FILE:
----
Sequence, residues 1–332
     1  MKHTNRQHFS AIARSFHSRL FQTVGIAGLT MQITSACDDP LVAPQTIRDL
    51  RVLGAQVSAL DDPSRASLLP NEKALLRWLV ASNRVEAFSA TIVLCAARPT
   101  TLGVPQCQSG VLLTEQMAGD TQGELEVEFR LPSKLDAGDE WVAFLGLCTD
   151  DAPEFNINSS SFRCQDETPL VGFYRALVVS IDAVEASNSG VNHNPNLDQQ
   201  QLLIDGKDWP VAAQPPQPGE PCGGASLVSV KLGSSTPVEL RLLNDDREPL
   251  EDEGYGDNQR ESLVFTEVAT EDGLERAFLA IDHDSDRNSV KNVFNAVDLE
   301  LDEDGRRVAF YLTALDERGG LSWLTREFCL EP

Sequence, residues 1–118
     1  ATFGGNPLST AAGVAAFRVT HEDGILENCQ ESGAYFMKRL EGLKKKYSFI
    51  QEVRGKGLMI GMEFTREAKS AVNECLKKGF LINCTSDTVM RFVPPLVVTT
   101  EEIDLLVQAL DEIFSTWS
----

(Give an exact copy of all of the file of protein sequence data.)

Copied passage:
Sequence, residues 1–332
     1  MKHTNRQHFS AIARSFHSRL FQTVGIAGLT MQITSACDDP LVAPQTIRDL
    51  RVLGAQVSAL DDPSRASLLP NEKALLRWLV ASNRVEAFSA TIVLCAARPT
   101  TLGVPQCQSG VLLTEQMAGD TQGELEVEFR LPSKLDAGDE WVAFLGLCTD
   151  DAPEFNINSS SFRCQDETPL VGFYRALVVS IDAVEASNSG VNHNPNLDQQ
   201  QLLIDGKDWP VAAQPPQPGE PCGGASLVSV KLGSSTPVEL RLLNDDREPL
   251  EDEGYGDNQR ESLVFTEVAT EDGLERAFLA IDHDSDRNSV KNVFNAVDLE
   301  LDEDGRRVAF YLTALDERGG LSWLTREFCL EP

Sequence, residues 1–118
     1  ATFGGNPLST AAGVAAFRVT HEDGILENCQ ESGAYFMKRL EGLKKKYSFI
    51  QEVRGKGLMI GMEFTREAKS AVNECLKKGF LINCTSDTVM RFVPPLVVTT
   101  EEIDLLVQAL DEIFSTWS